Resource and staffing challenges
Sixty-nine percent of firms expect compliance staffing costs to continue to rise, which co-author English said was not surprising, because these costs have risen steadily year over year since Thompson Reuters started conducting the Cost of Compliance survey. Instead, "the trend now is not only the cost of staff; it's actually finding skilled staff. That's the challenge: a real lack of compliance officers with deep, practical expertise in the market," she said.
Furthermore, 69% of compliance professionals felt increasing pressure regarding their budgets, with another 19% expecting significantly more pressure on their compliance budgets in the future.
Regulatory issues and the board
The report's authors found that regulatory matters -- which include correcting noncompliance, preventing more sanctions and implementing structural changes to observe new rules -- are taking up "disproportionate amounts" of board agendas.
Phil Cottermanaging director, Risk, Thomson Reuters
The survey also uncovered a lack of coordination in how control functions interact and are aligned. For instance, almost half of compliance personnel spend less than an hour with legal, internal audit and risk functions to discuss compliance issues.
One way to address these problems lies with the board, which must continue to support compliance teams and senior leadership with the budget and resources to help foster a culture of transparency and trust, the authors advised.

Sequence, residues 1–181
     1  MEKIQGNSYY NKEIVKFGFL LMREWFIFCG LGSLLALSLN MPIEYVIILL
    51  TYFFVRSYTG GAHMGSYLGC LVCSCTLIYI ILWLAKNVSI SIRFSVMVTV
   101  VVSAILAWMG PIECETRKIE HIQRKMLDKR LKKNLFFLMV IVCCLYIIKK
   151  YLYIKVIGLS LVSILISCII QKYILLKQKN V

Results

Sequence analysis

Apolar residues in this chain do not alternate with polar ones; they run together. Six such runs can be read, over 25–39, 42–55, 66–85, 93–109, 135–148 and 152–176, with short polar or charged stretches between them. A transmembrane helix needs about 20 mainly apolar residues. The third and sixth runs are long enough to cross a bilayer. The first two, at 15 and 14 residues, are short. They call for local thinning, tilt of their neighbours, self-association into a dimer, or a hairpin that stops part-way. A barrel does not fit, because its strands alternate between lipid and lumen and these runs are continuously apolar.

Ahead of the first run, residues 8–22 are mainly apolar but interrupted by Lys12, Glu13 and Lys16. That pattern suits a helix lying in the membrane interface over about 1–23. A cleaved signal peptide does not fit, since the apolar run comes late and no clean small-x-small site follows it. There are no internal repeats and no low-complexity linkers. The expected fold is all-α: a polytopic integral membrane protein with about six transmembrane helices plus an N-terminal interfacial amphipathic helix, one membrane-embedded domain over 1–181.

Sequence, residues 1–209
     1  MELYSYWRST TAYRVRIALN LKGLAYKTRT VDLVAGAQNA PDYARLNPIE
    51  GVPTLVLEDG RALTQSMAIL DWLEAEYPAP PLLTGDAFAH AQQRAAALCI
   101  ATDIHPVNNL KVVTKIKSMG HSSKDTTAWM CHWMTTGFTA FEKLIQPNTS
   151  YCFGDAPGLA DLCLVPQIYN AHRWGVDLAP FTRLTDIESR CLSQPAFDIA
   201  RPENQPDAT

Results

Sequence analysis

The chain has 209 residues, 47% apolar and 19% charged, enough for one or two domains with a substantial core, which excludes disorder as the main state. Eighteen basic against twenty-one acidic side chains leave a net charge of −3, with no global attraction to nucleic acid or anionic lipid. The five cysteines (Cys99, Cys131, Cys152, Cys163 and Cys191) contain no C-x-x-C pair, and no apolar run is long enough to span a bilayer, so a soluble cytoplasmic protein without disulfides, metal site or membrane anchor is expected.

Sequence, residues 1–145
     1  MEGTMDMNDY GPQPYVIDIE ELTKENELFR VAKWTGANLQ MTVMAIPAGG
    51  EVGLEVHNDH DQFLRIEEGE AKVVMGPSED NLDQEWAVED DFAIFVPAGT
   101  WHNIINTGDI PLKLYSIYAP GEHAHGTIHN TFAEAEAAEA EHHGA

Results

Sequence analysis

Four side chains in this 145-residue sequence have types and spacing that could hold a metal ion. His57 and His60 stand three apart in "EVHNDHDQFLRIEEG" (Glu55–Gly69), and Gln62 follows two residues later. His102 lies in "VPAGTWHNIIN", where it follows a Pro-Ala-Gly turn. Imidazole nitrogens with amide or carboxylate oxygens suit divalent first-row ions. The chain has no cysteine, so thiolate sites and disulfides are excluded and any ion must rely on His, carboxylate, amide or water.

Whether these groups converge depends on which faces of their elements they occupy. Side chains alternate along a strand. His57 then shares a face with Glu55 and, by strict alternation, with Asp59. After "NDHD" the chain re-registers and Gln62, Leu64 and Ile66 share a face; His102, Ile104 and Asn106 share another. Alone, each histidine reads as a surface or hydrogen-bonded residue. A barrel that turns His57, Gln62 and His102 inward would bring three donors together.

"The pendulum needs to begin to swing back at least in part toward the business itself to allow for business improvement and development, rather than having all change capacity and capability taken up by regulatory issues," the authors wrote.
They added that this doesn't mean boards should cease to focus on regulatory compliance issues, but rather to balance those matters with managing the business.
IT risks, cybercrime and resilience
Another area impacting the compliance sphere is technology -- particularly IT risks, cybercrime and resilience. Cyber-risks are multilayered and should not be relegated only to the IT function, the authors advised.
"Compliance functions need to be engaged in the consideration of risks to the business (and by association the potential effect on their customers) from an attack on the wider financial services infrastructure, as well as the implications of a direct attack on the firms themselves," they wrote.
Cost of compliance: Outlook
English does not expect pullback from the rising regulatory overload that compliance practitioners are experiencing. "We've seen year on year increase," she said.
Last year, Thomson Reuters tracked 40,000 major regulatory alerts that firms need to be aware of, which includes big consultation papers, policy statements and speeches.
"It's no surprise that there's this fatigue, but I think it is a concern, and it's perhaps reached a point where [firms] can't do anymore," English said.